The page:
A tidal wave

Glenn Rohrbacker

There has been a lot of recent controversy in the music business over the rights of artists and songwriters, mainly concerning compensation for work. This debate came about as a result of the spark in new ways to listen to music. Online streaming services that allow users to listen to unlimited amounts of music without actually paying for the song have become the most popular means of listening to music.

Some of the artists in support of Tidal (AP photo)
Some of the artists in support of Tidal (AP photo)

The top dogs in this new technology are streaming services like Spotify and Pandora. Other up and coming names are Beats Music, Viggle and a few others. These services allow listeners to play any song that is on their catalog as many times as they want, for free. However, listeners can pay a monthly premium to be able to access other features (like remove ads or use on mobile devices).

There has been a huge debate and controversy because artists are losing sales due to these streaming services and aren’t receiving the right payment for their work. The most drastic action was in 2014 when Taylor Swift pulled her entire catalog from Spotify right before the release of her latest album, 1989. She ended up selling over 1 million copies in the first week. This brought the whole conversation to light and has now been the main concern of the future of the music business. Last week, it was revealed that a new streaming service would be introduced, but on a different platform than Spotify, called Tidal.

You’re probably wondering why introducing a new streaming service in the middle of this controversy would be a good idea. So what does Tidal have going for it and why is it important? People love celebrities, and that’s exactly what Tidal has behind it. Pioneered by rapper and business mogul Jay-Z, Tidal is a streaming service that allows users to listen at standard definition for $9.99 a month or at high definition for $19.99 a month. There are a lot of pros and cons to Tidal and, after reading them, I’ll let you make your decision to support it or not.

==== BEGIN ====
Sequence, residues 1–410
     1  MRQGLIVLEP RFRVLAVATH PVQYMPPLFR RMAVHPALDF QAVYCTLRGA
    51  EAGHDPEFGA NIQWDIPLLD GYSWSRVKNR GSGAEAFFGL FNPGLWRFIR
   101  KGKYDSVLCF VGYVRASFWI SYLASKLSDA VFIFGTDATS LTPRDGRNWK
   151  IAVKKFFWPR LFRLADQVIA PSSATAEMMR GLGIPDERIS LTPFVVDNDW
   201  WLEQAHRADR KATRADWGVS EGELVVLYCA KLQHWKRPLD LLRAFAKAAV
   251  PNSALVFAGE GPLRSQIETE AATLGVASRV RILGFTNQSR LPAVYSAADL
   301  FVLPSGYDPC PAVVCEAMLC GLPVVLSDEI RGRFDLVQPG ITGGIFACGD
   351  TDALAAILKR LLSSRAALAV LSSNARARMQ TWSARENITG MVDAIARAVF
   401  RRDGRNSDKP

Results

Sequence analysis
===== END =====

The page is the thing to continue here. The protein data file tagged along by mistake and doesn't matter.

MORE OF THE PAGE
Pros: Tidal is backed by some of the biggest names in the music business from every genre, including, Kanye West, Beyoncé, Madonna, Calvin Harris, Rihanna, Jack White, Coldplay, Daft Punk, deadmau5 and Nicki Minaj. This shows that Tidal is no joke. Real artists support the cause enough to put their name on it. Tidal also includes over 75,000 high definition music videos, a feature that isn’t offered by Spotify. Tidal is able to offer exclusive content that Spotify and Pandora can’t because of the artists and labels directly in support of the service. It offers exclusive footage of Alicia Keys’s recent tour, the first television appearance by The White Stripes, as well as exclusive tracks and playlists by top artists. Tidal also claims that it will properly compensate its artists, but won’t divulge how. These are some things that make Tidal different than a typical streaming service.

Cons: Unfortunately there are a lot of these. Most notably, Tidal requires a monthly payment of $19.99 for high fidelity digital audio. Contrary to Spotify, Tidal does not offer a free, ad-supported version of the service, so after 30 days users must pay the premium to access Tidal services. Another down side to Tidal is that the catalog is smaller and not as broad as Spotify, who hosts over 30 million songs from every genre. Spotify has 15 million paid subscribers out of 60 million global users. Tidal only has 17,000 paid users.

Duy Linh Tu, director of the digital media program at Columbia University says, “It’s Coke versus Pepsi; hardly anyone will notice the difference.” Also, commenting on the claim of high fidelity digital audio, he says, “Biologically, it’s millennials who will get the most out of it, but economically, baby boomers are the ones who can afford it.”

Tidal is still a baby, and it’s hard to predict how the market will be affected by the introduction of this new service. With Spotify controlling the music streaming industry, it will be a hard task to break in and take over with a service that is very similar, even if you are Jay-Z.